As people who regularly read my blog know, I wholeheartedly support Sea Shepherd, Green Peace, Earth First and the preservation of the Planet. To the point I do not believe tigers, mountain lions or bears who kill a human who is in their territory should be hunted down and killed.
Indeed I actually support capital punishment for poachers who kill endangered species.
I believe all captive orca and dolphins should be freed and the places using them as a form of entertainment should be closed.
I believe we should outlaw drift net fishing as well as the fishing of certain species with strict limits on other species.
Citing your cultural traditions does not carry any weight with me when it comes to your wanting to dine on California Condor or spotted owl. Wearing lynx, wolf or other furs show be a sign you wish to be assaulted verbally and with paint.
In short, “Fuck you and your cultural values or love of fur.” My cultural values place a greater value on the life of the creature on the endangered species list, which by the way is too short, than it does on my accepting your right to kill that animal for your pleasure.
From The New York Times: http://www.nytimes.com/2011/03/06/us/06fin.html?_r=1&hp
By PATRICIA LEIGH BROWN
Published: March 5, 2011
SAN FRANCISCO — As the proprietor of Chung Chou City, a packed-to-the-gills dried seafood emporium in Chinatown here, Anna Li presides over barrels full of coveted ingredients like dried shrimp eggs and scallops and fried fish stomachs.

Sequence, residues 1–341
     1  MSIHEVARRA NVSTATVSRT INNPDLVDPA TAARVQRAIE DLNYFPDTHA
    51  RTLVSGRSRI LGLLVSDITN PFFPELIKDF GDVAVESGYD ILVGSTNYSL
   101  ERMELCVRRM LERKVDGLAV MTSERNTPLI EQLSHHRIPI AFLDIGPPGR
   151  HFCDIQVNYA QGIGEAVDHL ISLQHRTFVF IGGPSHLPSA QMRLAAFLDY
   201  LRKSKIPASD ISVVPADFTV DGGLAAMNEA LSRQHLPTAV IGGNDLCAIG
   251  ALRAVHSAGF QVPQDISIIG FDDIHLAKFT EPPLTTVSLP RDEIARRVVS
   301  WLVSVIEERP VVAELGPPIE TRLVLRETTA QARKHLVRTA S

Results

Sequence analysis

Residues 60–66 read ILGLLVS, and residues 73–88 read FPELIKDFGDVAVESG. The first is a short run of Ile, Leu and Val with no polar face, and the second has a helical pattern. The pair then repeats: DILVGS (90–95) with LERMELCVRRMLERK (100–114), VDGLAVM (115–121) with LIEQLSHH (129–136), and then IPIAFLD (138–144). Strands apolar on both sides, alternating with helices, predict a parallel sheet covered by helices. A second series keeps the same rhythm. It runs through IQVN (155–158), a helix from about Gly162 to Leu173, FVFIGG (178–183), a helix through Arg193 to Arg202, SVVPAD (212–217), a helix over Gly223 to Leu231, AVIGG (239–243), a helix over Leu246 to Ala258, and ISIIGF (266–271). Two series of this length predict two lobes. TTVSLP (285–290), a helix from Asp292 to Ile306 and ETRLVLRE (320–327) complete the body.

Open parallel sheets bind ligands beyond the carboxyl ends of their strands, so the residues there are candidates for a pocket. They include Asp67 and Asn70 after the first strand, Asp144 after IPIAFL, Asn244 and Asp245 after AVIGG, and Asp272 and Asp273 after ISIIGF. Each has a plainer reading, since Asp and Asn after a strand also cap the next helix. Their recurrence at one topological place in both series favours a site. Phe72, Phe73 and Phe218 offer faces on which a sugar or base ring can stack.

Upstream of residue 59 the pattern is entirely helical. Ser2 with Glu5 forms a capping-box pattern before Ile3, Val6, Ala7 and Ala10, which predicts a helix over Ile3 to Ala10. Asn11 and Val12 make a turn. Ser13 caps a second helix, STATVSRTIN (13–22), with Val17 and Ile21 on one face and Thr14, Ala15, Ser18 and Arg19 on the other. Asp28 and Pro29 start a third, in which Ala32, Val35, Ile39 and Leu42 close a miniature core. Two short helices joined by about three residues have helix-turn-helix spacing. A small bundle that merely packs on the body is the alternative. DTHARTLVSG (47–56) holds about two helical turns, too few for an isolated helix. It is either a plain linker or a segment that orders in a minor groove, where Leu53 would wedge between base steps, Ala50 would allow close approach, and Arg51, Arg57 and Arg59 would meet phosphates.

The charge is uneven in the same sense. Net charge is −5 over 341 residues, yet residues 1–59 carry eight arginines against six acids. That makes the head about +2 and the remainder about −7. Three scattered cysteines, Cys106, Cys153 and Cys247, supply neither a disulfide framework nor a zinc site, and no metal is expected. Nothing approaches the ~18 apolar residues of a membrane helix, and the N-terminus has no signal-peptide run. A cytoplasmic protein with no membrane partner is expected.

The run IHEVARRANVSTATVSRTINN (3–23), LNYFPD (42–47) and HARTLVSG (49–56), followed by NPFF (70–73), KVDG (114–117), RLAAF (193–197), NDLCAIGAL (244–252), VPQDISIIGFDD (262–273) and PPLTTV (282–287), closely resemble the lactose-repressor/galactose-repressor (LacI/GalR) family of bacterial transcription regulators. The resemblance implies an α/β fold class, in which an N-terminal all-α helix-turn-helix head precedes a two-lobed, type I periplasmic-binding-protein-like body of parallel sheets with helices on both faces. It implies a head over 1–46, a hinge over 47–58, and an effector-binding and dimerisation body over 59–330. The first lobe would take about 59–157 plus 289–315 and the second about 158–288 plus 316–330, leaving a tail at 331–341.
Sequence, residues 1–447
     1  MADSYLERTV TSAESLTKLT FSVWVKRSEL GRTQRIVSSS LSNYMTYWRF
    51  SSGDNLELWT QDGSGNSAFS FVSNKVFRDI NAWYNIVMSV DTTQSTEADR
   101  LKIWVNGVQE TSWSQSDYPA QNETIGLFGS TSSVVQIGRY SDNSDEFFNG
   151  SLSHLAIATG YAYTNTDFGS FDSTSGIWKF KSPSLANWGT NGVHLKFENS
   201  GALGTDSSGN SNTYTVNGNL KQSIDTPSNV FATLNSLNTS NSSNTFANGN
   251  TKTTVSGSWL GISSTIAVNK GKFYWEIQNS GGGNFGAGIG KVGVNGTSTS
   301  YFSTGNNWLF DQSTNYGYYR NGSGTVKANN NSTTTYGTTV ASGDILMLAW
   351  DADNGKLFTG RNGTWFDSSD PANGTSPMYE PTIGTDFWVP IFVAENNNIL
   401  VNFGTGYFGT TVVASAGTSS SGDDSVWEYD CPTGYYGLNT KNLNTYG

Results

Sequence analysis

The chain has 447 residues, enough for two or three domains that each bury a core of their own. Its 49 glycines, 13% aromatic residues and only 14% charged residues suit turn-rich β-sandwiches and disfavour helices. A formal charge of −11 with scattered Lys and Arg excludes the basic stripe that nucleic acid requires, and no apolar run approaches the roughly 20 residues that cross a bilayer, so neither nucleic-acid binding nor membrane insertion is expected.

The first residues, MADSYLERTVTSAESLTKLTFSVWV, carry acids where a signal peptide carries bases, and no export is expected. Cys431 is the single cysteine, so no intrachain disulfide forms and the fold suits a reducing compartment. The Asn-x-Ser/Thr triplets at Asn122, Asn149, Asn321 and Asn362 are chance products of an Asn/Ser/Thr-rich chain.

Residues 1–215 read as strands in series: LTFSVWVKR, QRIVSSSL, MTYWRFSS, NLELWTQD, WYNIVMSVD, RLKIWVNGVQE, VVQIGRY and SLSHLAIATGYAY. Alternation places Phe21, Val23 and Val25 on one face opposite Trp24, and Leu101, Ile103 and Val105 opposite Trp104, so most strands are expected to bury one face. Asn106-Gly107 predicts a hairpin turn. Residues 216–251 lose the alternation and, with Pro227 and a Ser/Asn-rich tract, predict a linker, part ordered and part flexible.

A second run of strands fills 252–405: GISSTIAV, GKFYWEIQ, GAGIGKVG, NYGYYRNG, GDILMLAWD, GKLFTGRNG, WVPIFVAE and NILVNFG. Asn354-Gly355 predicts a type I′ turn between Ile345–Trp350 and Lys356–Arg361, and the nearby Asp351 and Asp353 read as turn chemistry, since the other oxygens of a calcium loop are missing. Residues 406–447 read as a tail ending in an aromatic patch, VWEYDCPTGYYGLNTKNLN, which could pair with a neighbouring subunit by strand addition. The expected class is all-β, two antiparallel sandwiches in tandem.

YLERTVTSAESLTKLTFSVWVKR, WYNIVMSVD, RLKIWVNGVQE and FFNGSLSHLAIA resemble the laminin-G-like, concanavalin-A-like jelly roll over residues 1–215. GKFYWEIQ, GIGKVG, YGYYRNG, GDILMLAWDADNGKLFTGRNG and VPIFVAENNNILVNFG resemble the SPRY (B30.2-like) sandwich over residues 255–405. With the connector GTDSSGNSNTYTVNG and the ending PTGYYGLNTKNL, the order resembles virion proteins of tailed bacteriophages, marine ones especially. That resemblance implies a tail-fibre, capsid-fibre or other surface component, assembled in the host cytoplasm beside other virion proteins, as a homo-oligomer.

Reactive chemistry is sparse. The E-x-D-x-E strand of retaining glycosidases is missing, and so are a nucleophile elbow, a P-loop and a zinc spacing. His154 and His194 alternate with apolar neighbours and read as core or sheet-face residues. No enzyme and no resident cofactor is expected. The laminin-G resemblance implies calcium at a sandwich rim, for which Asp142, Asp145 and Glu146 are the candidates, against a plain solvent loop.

The Rolls-Royce of the sea is her shark’s fin, the pricey pièce de résistance of traditional Chinese banquets. “No shark’s fin soup, you’re cheap,” said Mrs. Li, summing up the prevailing ethos toward the steamy glutinous broth, for centuries a symbol of virility, wealth and power.
But in a move that has infuriated Mrs. Li and others in this community, a bill recently introduced in the California Legislature would ban the sale and possession of shark fins, including the serving of shark’s fin soup. Down the rickety alleyways and produce-laden byways of San Francisco’s Chinatown, some see the proposed law as a cultural assault — a sort of Chinese Exclusion Act in a bowl.
Similar to a measure passed in Hawaii, the bill seeks to curtail shark finning, a brutal, bloody practice of the global trade in which the fins are typically hacked off a live shark, leaving it to die slowly as it sinks to the bottom of the sea.
In Hawaii, restaurants have until June 30 to cook or dispose of their fin inventories, and penalties for possession will be severe, with fines of $5,000 to $15,000 for a first offense. Similar bills were introduced in Oregon and Washington State.
Scientists cite a growing international demand for shark’s fin soup, especially popular with China’s expanding middle class. As the once-ceremonial dish becomes more accessible, up to 73 million sharks are being killed a year.
Continue reading at: http://www.nytimes.com/2011/03/06/us/06fin.html?_r=1&hp